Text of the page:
This often involves the extraction and mining of data from multiple data sources, and the layering of that data in an visual analysis. This is the scenario we are going to employ in this example because if you are able to leverage visual analysis to proactively identify this activity, any internal issues such as data or financial theft, which is one source visualization, will be much easier to accomplish.

So lets start with a scenario for this analysis. I am an fraud investigator for a call center and conduct a monthly analysis of concessions sent out by my agents to detect any fraud or theft which may be occurring.

Like all analysis, the first step is the planning, extraction and cleaning of the data for import into our visual analysis tool. Since I am analyzing concession fraud, I am going to need to extract data out of my agent activity database which will give me the service requests, type of concession and date of concession. Next, I will need to extract data from my customer and shipping database to find relationships between the customers and where the concessions where shipped.

In all fraud analysis, we are looking to leverage the weakest link of the scheme. In concession fraud, the weakest link in the scheme is the shipping address. If you are a call center and either converting your companies merchandise for personal use or sending concessions to friends, the one piece of information that will have to be accurate is the shipping address. This is the main entity in my visualization that I am going to focus on.

In my first step, I download all transactions from the call center which are coded as concession transactions including the service request number, the service request date, the customer ID, the agent name or number, the concession which was sent out and if possible, the tracking number of the concession package.

In my next step, I download the customer and shipping information from my database. I want to ensure that I capture all fields in the shipping database which will accurately identify and make unique, the location the concessions where sent to. If the agent is involved in fraud, they are going to alter the names and phones, however the address will have to be correct for the scheme to work. Agents who are very good at committing this type of fraud will alter the addresses enough to avoid detection but to still ensure delivery. We can counteract this tactic in visual analysis by conducting semantic matches between entities which will detect patterns of inverted numbers, names, slight misspellings or the addition of small pieces of information in the shipping address.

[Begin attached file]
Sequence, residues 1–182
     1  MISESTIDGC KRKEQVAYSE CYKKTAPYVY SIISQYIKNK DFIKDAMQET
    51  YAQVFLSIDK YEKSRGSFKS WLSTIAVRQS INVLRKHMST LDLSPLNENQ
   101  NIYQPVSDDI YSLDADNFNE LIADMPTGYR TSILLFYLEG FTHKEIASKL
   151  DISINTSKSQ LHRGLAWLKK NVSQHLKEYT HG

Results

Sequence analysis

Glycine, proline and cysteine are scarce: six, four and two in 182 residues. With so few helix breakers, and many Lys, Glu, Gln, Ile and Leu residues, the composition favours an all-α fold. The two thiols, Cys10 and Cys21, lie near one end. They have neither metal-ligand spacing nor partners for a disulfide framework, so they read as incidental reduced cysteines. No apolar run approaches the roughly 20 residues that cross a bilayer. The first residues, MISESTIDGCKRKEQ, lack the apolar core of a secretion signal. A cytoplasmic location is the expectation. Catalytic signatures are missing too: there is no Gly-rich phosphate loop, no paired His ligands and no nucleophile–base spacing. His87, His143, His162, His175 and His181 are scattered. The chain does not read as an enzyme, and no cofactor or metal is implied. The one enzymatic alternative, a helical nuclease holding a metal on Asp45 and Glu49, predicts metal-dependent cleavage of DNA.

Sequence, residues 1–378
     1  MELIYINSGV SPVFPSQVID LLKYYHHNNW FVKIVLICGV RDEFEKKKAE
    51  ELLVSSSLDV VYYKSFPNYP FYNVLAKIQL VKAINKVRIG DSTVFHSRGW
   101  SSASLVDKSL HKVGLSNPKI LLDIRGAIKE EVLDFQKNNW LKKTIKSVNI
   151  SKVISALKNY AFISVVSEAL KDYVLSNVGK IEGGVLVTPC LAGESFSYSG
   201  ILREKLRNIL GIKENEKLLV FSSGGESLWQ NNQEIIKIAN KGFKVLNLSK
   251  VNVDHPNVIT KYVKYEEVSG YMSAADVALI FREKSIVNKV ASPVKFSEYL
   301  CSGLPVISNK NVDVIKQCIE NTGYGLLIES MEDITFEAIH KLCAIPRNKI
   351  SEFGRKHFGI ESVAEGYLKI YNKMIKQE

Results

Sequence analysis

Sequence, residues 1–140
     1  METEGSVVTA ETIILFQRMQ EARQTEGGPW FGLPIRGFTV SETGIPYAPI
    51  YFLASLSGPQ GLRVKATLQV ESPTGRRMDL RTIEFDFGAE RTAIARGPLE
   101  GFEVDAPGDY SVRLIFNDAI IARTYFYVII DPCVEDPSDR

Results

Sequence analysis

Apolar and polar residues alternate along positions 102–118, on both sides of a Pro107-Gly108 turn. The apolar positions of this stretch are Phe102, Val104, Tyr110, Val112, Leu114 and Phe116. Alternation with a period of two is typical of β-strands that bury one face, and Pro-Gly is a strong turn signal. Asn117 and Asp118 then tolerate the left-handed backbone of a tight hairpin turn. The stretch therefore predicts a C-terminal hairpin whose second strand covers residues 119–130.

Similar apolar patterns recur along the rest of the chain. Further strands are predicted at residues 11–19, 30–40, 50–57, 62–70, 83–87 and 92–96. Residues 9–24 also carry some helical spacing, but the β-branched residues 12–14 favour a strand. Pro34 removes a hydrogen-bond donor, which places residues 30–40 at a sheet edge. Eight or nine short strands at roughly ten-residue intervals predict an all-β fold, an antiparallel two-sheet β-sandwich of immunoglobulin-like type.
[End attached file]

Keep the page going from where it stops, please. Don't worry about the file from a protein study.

Now that I have downloaded the data I need for my visual analysis, since this data came from two different sources, I am going to need to join the two tables or files of data to make a flat file or view for import.

Once I have joined and cleaned my data of nulls and bad values I am ready to import my data into my visualize it. The schema that I will use for this analysis will be the call center agent linked to the service request to the customer to the customer's shipping address, phone and email.

After completion of the initial import of all my data, plan for the visualization to appear as the example below. The reason for such large clusters of data is because of the call center agent entity. Through normal transactions, multiple agents are going to link together by joining customers, this is not an indicator of fraud.

The good thing is that for my first cluster analysis of this data, I am not even going to use the call center agent at all in my visualization. By filtering out the call center agent and temporarily hiding that entity I can focus on customer clusters linked by address and service request. By looking for groups of customers which are linked together, I can identify possible destinations for fraudulent concessions, friends of agents which are being shipped merchandise or in the case of external fraud, individuals who are taking advantage of my call center reps to gain free merchandise.

I am moving on to my next step and hiding my call center agents to look for customer clusters, don't worry we will bring the agents back shortly. I am going to focus on the largest clusters of interrelated customers which my visualization tool is going to sort for me left to right in my chart.

My largest cluster of interrelated customers is involved in ten different service requests in which the customer was shipped a concession by the call center agent. There are seven different names associated with this cluster, however they are all linked to the same address which is extremely suspicious.

My next step is to leverage visual semantic searching across all my customer entities and attributes to detect attempts to create the appearance of two separate addresses by changing small details in the data such as 123 main street and 123 main st. A strong visual analysis program, including the tool used in the example, i2, will incorporate smart matching to detect these entities such as in the example below.

Once smart matching is completed and ensure that my clusters contain all linked entities and data, I am going to break out my largest cluster and incorporate in the call center agent or agents which created the service requests linked to the customer cluster.